In the Press
Friday, June 5, 2020How to Keep the United States in the WHO — A Commentary by Harold Hongju Koh and Lawrence O. Gostin Foreign Affairs
Friday, June 5, 2020The Impact of Police Violence on Health WHYY / The Pulse
Thursday, June 4, 2020Huawei’s very bad week National Journal
Thursday, June 4, 2020Residents Call For Police Reform, Dismantling Systemic Racism in Connecticut WNPR / Where We Live
Wednesday, December 5, 2018
Law Library Books Come Home Again
The Lillian Goldman Law Library has (re)acquired two historic 18th-century books, bringing them home to the Law School 145 years after they last left.
The volumes were sold by the Law School as duplicates on January 30, 1873 and recently returned as a gift from the estate of John Edwin Ecklund ’41 via his widow Constance Ecklund.
The first book, Acts and Laws of His Majesty’s English Colony of Connecticut in New-England in America was published in 1750 by printer Timothy Green in New London, CT, then the center of most printing in the state. The book bears the signature of Law School founder Seth P. Staples (1776–1861), the first instructor of the private law school that would become the Yale Law School.
The other volume, Acts and Laws of the State of Connecticut, in America, was published by Timothy Green in 1784, the first compilation of Connecticut state laws following independence. On its title page is the inscription of Samuel J. Hitchcock (1786–1845), Staples’s law partner. The title page also bears the (crossed-out) signature of Samuel Bishop (1723?–1803), the book’s first owner, who served as mayor of New Haven, chief judge of the county probate court, justice of the peace, town clerk, and Collector of the Port of New Haven.
Despite their original publication dates, the books were added to as new laws were passed over the years to keep them up to date. It’s unknown when or how Ecklund first acquired the books, which bear the oval red stamp of the Yale Law Library. According to Law Library Rare Book Librarian Michael Widener, Ecklund had a longstanding interest in legal history as well as his connections with Yale and New Haven.
Both volumes bear identical inscriptions inside marking the exact day they were deaccessioned from the library in the hand of none other than Simeon E. Baldwin, professor at the Law School for 50 years and the Law School’s Treasurer for over a decade:
“Yale Law School Library / Duplicate and sold to Johnson T. Platt / January 30, 1873 / Simeon E. Baldwin / Treas. Law Department”.
The timing is no coincidence. In 1869 the Law School nearly closed after the death of Professor Henry Dutton. According to Widener, Platt was in charge of organizing the school’s new library, and he and Baldwin were two of the young faculty members enlisted to aid in rejuvenating the school.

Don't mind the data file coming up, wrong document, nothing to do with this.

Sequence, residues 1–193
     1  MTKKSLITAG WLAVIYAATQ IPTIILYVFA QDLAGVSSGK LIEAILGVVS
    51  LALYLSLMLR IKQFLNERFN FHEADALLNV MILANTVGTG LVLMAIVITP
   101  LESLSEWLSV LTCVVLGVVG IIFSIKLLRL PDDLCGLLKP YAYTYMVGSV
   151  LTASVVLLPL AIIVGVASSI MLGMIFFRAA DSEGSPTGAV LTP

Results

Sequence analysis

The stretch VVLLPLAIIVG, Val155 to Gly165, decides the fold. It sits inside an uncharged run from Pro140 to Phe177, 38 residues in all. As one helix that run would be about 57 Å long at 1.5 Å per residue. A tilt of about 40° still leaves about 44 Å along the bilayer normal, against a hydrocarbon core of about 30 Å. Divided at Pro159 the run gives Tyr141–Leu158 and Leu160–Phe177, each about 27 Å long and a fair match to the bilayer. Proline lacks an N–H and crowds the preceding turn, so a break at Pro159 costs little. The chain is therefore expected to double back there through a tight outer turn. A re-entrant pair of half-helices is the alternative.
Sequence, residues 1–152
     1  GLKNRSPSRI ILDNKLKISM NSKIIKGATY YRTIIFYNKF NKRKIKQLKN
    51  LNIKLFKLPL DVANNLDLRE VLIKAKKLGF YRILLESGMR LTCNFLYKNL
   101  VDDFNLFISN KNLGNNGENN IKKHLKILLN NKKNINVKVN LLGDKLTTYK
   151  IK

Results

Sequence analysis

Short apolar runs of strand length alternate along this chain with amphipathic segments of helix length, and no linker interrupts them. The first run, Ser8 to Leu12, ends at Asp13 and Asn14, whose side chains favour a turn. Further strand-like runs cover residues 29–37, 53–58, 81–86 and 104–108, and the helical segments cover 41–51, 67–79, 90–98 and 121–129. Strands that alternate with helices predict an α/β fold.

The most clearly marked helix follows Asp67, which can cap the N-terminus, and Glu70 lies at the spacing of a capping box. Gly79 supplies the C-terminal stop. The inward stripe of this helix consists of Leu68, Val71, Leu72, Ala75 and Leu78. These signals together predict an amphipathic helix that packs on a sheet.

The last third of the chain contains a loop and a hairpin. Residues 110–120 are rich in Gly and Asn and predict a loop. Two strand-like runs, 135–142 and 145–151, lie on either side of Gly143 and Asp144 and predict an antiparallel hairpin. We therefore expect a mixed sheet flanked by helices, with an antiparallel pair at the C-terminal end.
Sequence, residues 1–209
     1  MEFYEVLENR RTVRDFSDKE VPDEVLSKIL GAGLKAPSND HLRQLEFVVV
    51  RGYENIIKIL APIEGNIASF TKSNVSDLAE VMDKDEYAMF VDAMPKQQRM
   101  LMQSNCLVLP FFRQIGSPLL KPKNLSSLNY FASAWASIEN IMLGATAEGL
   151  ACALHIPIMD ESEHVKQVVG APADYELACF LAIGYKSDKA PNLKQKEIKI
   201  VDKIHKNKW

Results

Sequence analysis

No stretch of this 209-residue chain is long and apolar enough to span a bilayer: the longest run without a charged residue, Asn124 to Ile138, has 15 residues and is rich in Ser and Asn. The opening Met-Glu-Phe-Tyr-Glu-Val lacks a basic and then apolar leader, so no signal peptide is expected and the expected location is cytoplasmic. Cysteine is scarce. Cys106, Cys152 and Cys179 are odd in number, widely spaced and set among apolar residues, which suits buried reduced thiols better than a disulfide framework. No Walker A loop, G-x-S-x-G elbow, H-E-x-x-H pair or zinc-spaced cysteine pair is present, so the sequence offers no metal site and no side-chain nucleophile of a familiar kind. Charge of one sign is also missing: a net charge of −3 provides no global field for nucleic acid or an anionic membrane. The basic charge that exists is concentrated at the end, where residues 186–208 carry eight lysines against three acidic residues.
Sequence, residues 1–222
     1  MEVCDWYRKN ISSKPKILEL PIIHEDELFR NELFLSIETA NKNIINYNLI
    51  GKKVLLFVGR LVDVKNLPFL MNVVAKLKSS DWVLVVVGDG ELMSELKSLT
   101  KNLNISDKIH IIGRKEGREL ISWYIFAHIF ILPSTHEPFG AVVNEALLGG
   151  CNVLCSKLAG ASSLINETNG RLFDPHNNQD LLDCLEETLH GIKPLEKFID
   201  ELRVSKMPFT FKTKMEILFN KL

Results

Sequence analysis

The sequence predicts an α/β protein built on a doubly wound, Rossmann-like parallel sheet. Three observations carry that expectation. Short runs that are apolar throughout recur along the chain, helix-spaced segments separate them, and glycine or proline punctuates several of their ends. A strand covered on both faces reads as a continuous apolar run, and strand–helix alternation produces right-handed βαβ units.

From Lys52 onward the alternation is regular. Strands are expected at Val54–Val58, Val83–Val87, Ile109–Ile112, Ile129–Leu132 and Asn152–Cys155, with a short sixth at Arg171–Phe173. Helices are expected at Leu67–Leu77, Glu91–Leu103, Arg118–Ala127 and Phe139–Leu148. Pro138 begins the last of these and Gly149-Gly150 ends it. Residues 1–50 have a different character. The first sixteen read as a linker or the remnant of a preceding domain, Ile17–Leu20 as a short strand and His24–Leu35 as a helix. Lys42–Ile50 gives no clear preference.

The New Haven bar association helped ensure the school’s survival and it was decided that the third floor of the new County Court House building on Church Street next to City Hall would be reserved for the Law School and its library. According to Widener, the library began moving into its new home in January 1873 after the completion of the courthouse, and it was at this moment that the volumes left the library. Classes were first held in the new courthouse building on February 12, 1873, according to Frederick C. Hicks’s Yale Law School: 1869–1894 Including the County Court House Period (New Haven: Yale University Press, 1937). The new library contained shelving for 6,000 volumes.
Though the books were sold as duplicates in 1873, and today the Law Library owns several other copies of the same volumes, “these aren’t really duplicates,” Widener said. The individual volumes’ history, provenance, and the signatures by Baldwin, Staples, Hitchcock, and Bishop, make the books unique in the Library’s collection.
Though brittle and fragile from heavy use and age, the two books are “the earliest evidence I have seen of weeding the collection,” Widener said in his blog on the Law Library website. The Law Library’s original collection wasn’t always cherished as an important piece of the early history of the Law School, and it was Hicks who began to form the Founders Collection of original volumes from the library. The original collection of 2,260 volumes had dwindled to 386; the addition of the Ecklund gift bring that number to 430.
Ecklund, who died in 2000, had a long career as a prominent New Haven attorney as a partner at Wiggin & Dana and then served for more than a decade as treasurer of the University. A two-volume work he wrote, The Origins of Western Law from Athens to the Code Napoleon, was published posthumously in 2014 and was edited by his widow Constance.
“These books and their unique annotations help to tell the story of the early history of the Law School, as well as the history of law in 18th-century Connecticut,” said Widener. “We are very pleased to have them back home.”